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Presenter draws connection from manic pixie dream girl trope to violence against women with mental illness

Kyli Rodriguez-Cayro, a mental health educator, sex worker activist and writer for Bustle gives a speech to students about the manic pixie dream girl at Westminster College on Feb. 18. The manic pixie dream girl trope, prevalent in contemporary movies, is part of the history of violence against women with mental illness, according to Rodriguez-Cayro. (Photo by Alex Catmull)

She’s whimsical. She’s captivating. She’s completely attached, completely aloof, dissociative, hyper-sexual, manic, impulsive, charismatic and eccentric. She is the manic pixie dream girl.

The common trope and its detrimental effect on the real mentally ill women it embodies was the subject in Kyli Rodriguez-Cayro’s speech at Westminster College on Monday.

The term manic pixie dream girl was coined in 2005 by film critic Nathan Rabin, to describe female characters who exist solely in the minds of sensitive male writers and directors, to teach brooding, soulful young men to embrace life and all its mysteries and adventures. Many of the traits associated with the character trope are derived from mental illnesses, including borderline personality disorder and bipolar disorder, according to Rodriguez-Cayro.

“Looking at the manic pixie dream girl, I think a lot of people can see the harm that it does because it’s obviously sexist, but looking beyond that it’s an act of violence,” said Rodriguez-Cayro, a mental health educator, sex work activist and writer for Bustle.

Rodriguez-Cayro’s presentation traced violence against mentally ill women back through history.

Hysteria has been documented since ancient Greece and Egypt and was considered to be a sickness of reproductive organs.

Jean-Martin Charcot, the founder of modern neurology, shifted the narrative and started to see the issue as neurological. He created treatments that usually had to do with sexually assaulting women, according to Rodriguez-Cayro.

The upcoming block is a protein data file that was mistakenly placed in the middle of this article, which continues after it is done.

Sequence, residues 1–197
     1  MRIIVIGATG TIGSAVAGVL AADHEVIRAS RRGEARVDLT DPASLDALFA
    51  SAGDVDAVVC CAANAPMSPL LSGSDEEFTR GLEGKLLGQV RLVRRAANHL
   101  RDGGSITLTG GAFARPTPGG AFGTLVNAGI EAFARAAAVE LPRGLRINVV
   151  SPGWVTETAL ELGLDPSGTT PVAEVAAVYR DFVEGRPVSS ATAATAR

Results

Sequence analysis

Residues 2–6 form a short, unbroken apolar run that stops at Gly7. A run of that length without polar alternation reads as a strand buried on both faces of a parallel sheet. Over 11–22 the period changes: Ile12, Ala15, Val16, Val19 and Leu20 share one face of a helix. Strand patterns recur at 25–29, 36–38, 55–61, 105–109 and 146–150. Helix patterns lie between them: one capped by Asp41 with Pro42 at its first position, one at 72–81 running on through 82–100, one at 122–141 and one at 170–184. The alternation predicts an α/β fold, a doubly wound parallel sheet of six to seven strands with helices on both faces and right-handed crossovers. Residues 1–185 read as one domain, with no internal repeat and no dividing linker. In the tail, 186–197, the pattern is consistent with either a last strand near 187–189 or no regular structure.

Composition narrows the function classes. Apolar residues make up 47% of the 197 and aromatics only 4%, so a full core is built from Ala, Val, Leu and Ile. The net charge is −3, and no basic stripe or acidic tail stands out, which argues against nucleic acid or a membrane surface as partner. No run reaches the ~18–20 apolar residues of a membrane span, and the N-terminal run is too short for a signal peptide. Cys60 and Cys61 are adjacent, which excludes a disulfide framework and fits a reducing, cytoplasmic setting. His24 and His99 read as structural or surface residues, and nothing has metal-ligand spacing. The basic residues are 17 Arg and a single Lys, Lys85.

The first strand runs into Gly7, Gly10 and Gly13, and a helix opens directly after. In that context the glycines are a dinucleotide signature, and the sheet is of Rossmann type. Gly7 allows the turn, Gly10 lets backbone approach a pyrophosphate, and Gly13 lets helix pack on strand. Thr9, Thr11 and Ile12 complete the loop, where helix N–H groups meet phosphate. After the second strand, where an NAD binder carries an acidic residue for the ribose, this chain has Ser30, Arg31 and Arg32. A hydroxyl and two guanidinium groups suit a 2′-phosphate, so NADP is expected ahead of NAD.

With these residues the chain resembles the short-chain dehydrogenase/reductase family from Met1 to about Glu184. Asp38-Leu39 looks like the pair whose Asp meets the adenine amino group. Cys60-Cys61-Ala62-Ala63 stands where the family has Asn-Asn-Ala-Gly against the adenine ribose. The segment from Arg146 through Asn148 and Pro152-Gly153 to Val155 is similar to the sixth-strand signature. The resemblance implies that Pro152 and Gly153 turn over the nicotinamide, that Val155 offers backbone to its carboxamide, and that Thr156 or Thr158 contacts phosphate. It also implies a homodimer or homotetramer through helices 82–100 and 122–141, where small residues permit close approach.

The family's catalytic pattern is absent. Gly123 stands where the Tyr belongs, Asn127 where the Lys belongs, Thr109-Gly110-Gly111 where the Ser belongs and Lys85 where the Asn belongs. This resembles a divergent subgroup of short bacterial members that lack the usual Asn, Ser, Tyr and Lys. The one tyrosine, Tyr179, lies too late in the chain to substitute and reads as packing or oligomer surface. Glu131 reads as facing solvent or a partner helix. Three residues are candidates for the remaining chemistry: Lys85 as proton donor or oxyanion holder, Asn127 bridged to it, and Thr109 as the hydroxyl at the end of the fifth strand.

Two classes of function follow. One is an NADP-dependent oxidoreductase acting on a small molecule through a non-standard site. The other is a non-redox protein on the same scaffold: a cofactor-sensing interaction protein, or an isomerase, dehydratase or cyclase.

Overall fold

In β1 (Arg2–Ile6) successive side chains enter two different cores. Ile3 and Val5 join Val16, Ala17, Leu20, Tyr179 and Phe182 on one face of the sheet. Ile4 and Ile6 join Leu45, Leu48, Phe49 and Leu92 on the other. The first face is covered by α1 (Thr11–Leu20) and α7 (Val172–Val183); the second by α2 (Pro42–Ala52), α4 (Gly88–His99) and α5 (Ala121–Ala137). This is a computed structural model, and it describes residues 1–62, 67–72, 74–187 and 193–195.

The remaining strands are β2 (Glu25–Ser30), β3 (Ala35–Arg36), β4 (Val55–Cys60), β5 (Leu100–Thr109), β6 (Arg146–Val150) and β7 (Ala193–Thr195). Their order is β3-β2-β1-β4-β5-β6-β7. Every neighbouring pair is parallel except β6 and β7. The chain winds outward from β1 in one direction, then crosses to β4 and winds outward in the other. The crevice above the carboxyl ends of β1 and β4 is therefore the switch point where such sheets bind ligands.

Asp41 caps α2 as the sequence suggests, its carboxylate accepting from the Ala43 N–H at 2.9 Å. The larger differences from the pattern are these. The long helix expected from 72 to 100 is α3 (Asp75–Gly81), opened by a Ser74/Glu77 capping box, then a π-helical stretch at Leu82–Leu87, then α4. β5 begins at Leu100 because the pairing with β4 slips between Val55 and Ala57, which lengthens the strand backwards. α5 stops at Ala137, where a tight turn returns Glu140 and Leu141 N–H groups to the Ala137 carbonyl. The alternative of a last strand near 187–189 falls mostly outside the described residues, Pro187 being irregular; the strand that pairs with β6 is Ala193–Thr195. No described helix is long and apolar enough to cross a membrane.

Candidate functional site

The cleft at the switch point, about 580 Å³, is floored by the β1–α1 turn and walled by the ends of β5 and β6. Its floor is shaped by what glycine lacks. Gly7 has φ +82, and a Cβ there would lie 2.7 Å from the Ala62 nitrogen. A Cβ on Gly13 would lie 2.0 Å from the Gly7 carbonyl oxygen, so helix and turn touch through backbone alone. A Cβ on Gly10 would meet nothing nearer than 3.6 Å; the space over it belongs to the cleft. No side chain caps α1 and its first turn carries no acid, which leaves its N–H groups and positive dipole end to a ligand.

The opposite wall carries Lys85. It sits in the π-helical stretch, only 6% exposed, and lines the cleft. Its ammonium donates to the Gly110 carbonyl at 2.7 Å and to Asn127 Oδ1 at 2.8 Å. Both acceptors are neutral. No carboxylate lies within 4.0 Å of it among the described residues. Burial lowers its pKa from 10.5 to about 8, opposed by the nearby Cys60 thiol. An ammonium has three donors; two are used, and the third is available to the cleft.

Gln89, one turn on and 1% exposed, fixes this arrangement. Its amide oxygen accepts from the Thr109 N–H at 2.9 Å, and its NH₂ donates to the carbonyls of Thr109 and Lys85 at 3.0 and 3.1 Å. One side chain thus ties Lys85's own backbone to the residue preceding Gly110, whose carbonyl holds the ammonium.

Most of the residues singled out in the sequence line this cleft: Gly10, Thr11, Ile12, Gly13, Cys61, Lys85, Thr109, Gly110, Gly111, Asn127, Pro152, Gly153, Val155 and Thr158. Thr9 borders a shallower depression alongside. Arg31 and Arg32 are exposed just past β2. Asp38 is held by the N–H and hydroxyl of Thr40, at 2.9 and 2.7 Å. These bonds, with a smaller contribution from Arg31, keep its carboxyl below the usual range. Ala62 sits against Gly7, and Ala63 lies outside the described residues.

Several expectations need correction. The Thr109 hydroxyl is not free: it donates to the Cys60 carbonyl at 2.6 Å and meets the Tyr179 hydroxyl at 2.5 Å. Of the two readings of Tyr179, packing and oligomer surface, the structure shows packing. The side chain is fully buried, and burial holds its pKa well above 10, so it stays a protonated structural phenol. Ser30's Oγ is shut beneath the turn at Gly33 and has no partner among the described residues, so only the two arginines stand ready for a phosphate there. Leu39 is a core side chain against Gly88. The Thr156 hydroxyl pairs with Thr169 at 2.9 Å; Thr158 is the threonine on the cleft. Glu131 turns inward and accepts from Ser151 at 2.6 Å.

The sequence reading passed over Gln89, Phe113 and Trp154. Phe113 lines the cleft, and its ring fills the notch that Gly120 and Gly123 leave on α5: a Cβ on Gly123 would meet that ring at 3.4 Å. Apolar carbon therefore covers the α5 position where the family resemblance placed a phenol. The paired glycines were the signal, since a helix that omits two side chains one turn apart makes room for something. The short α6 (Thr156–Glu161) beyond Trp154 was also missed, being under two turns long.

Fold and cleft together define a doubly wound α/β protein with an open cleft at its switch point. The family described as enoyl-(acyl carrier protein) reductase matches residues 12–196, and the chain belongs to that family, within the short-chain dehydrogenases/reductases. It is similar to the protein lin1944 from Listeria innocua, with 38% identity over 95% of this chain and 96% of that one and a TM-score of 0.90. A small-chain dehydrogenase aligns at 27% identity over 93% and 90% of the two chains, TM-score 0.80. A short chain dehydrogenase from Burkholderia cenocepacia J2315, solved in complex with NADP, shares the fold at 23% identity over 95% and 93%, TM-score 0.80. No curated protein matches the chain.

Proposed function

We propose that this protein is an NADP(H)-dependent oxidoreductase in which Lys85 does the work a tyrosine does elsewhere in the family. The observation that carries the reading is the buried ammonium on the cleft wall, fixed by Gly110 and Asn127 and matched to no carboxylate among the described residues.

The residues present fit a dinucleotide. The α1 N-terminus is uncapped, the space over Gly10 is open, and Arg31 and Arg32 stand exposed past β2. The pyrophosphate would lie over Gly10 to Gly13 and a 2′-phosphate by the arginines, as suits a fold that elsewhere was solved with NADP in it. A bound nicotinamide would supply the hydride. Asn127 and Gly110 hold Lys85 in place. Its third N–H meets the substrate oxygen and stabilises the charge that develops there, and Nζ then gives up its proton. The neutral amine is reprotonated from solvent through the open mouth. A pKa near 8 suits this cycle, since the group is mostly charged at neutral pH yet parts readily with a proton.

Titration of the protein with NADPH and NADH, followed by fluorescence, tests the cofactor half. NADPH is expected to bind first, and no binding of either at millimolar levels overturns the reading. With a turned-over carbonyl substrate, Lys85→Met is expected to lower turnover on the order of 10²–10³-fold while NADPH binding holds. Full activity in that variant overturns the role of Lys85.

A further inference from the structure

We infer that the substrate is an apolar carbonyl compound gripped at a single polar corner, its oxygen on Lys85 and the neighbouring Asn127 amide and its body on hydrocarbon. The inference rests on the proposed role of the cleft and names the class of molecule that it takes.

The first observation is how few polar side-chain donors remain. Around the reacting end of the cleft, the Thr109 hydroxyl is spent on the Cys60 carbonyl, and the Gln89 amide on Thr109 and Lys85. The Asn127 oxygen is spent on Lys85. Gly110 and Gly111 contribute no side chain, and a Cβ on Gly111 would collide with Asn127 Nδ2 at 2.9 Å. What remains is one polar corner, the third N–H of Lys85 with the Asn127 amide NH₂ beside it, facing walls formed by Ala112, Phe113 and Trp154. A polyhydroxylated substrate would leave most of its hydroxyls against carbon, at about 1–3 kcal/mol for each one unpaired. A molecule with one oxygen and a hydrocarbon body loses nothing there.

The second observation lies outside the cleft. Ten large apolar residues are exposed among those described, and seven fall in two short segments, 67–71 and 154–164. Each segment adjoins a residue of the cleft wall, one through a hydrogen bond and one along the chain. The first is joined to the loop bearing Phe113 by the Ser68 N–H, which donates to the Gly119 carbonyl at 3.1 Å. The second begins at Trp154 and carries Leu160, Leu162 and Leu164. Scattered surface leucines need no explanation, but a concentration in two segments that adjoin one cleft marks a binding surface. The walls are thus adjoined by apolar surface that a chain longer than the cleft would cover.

Fast forward to today, mentally ill women are seen as hyper-sexual by many including the president, and the majority of these women are silenced, because they are mentally ill, Rodriguez-Cayro said.

Rodriguez-Cayro connected this to her own experience as a mentally ill woman.

“What I found from my lived experience is that my disorders were often exploited,” Rodriguez-Cayro said. “So, I wasn’t allowed to have a sexuality outside of my relationships, or when my mental illnesses became more severe […] I became so disposable.”

Rodriguez-Cayro also discussed the violence mentally ill women face today.

At least 40 percent of women with a severe mental illness will be sexually assaulted at least once in their life Rodriguez-Cayro said. Also, 51 to 97 percent of women with a severe mental illness reported being victimized at least once in their lifetime.

“[This has] long term consequences,” Rodriguez-Cayro said. ‘“A lot of mentally ill women who are abused or who are victimized won’t disclose in the future when seeking treatment. They will refuse treatment. They’re more likely to be victimized again, […] and survivors of sexual violence won’t seek out regular reproductive health care, so it’s not just mental health care, almost every area of your health, and of your wellbeing is jeopardized.”

Audience member Shay Hudson said the manic pixie dream girl trope is so popular because the characters are “great to watch without thinking about [it] critically.”

Jess Hallenborg, a senior English major, said that women are often silenced in film because narratives are controlled by men.

“I think it’s about power, and who had the responsibility and the choice of the option to write and be visible and be seen in society,” Hallenborg said.

A more critical discussion about the trope is silenced because it’s uncomfortable to talk about, said Xavier Albin, a senior psychology major.

“Mental illness is already stigmatized […] but the idea that women themselves […] can have mental issues is just an unfathomable idea since we’re taught that women are basically almost perfect in every way until it’s inconvenient for us,” said Albin.

Rodriguez-Cayro said one way to fight the trope is to have the conversation.

“It begins with talking about it,” Rodriguez-Cayro said. “It begins with ending mental health stigma and also supporting mentally ill women and femmes in art, literature, advocacy, and film.”      

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Alex Catmull
Alex is a junior communication major who is currently trying to survive college. She loves superheroes, hanging out with her friends and pasta. When not at school, she can be found curled up with her cat watching TV.

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